Systolic flow augmentation in hearts ejecting into a model of stiff aging vasculature: Influence on myocardial perfusion-demand balance

Akio Saeki, Fabio Recchia, David A. Kass

Research output: Contribution to journalArticlepeer-review

81 Scopus citations


Age-related arterial stiffening and widening of the pulse pressure elevates ventricular systolic wall stress while it lowers diastolic coronary perfusion pressure. These changes are thought to adversely alter the balance between myocardial work load and blood supply. To test this hypothesis, the native compliant thoracic aorta was surgically bypassed by a stiff tube in reflex-blocked anesthetized dogs. Ventricular outflow was directed into either native aorta or the bypass; the latter resulting in an increase in arterial pulse pressure from 37.8 to 107.5 mm Hg (P<.001), with minimal change in mean pressure and flow. Cardiac work load was assessed by pressure- volume area (PVA), which combines external and internal left ventricular work and is linearly related to myocardial oxygen consumption (MV̇O2), and by MV̇O2 itself. Regional phasic and mean coronary flow were measured in the left anterior descending coronary artery, and global flow was assessed by radiolabeled microspheres. Myocardial supply-demand balance was assessed by comparing flow at matched PVA or MV̇O2, flow-PVA relations, and endocardial-to-epicardial flow ratios. When blood flow was directed into the stiff bypass tube, peak systolic pressure, wall stress, and PVA all rose nearly 50%, yet diastolic perfusion pressure fell by 20 mm Hg (all P<.01). Rather than being compromised, however, mean coronary flow rose by 34%, maintaining the same endocardial-to-epicardial flow ratio (≃1.1). Flow augmentation persisted when data were compared at matched work load (PVA or MV̇O2) and mean arterial pressure, as well as over a range of work loads (P<.001 from ANCOVA of flow-PVA relations). The increased flow resulted from enhanced systolic perfusion, which nearly equaled diastolic flow when ejection passed into the stiff bypass. These data counter the notion that cardiac coupling with a stiff arterial system (as with aging) necessarily compromises myocardial flow versus metabolic demand. However, the data highlight a greater role of systolic flow under such conditions and also raise the novel suggestion that enhanced pulsatility of the arterial pressure waveform may itself augment coronary perfusion.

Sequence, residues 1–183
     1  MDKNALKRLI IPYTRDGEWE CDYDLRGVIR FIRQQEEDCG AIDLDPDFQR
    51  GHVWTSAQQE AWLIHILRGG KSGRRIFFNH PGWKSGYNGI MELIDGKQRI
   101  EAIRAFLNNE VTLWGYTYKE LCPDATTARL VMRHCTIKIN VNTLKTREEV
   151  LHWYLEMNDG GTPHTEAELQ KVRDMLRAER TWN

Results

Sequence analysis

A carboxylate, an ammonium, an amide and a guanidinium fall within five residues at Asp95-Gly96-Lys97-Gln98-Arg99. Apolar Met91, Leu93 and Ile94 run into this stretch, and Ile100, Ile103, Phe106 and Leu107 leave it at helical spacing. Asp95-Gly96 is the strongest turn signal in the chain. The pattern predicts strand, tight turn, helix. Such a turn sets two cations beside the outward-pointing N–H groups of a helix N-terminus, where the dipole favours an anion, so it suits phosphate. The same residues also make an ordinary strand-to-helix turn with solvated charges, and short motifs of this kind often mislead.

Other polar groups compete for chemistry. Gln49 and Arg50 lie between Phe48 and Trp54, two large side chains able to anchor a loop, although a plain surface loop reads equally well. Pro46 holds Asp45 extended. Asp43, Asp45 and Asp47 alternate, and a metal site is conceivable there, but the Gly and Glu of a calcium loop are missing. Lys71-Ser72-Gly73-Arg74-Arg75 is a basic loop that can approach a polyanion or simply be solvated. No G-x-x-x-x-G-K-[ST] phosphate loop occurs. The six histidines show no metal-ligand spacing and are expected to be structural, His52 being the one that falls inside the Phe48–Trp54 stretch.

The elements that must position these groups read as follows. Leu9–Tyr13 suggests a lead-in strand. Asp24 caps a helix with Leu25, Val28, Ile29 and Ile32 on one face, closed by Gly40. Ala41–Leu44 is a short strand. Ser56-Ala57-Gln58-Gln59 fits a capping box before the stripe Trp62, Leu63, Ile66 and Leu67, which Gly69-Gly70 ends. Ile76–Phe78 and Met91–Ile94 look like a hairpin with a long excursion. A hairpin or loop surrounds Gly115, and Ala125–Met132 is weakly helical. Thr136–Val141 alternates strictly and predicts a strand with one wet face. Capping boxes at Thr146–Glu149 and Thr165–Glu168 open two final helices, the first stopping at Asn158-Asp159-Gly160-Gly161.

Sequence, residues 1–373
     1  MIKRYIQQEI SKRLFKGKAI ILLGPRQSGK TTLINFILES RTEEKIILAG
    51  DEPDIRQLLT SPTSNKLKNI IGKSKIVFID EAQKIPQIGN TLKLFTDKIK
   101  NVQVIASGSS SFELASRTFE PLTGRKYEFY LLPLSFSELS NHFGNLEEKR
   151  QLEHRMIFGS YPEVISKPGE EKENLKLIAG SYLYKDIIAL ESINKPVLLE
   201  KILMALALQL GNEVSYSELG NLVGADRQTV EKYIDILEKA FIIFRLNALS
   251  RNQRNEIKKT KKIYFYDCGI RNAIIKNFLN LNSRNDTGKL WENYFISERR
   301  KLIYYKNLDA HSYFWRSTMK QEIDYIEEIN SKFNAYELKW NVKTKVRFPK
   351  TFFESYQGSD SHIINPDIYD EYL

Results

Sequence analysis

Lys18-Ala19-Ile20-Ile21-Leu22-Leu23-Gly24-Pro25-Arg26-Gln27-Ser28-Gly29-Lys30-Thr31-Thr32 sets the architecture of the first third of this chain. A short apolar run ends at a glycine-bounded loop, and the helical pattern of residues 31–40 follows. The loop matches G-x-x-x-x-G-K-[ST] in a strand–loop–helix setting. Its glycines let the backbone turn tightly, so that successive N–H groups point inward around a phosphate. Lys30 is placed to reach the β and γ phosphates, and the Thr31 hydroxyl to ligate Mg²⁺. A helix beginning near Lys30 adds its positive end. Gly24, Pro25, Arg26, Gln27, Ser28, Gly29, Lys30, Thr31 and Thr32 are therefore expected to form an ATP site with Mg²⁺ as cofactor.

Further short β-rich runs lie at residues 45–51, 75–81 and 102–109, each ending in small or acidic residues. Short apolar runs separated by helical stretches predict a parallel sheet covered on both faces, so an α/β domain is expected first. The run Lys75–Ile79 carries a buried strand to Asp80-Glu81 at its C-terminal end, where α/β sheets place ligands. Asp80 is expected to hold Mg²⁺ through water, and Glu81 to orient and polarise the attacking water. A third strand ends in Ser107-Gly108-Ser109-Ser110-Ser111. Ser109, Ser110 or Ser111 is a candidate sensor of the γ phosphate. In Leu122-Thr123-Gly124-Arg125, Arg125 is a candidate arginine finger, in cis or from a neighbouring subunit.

Original languageEnglish (US)
Pages (from-to)132-141
Number of pages10
JournalCirculation research
Issue number1
StatePublished - Jan 1995


  • aging
  • arterial compliance
  • coronary flow
  • pressure-volume area
  • systolic hypertension

ASJC Scopus subject areas

  • Physiology
  • Cardiology and Cardiovascular Medicine


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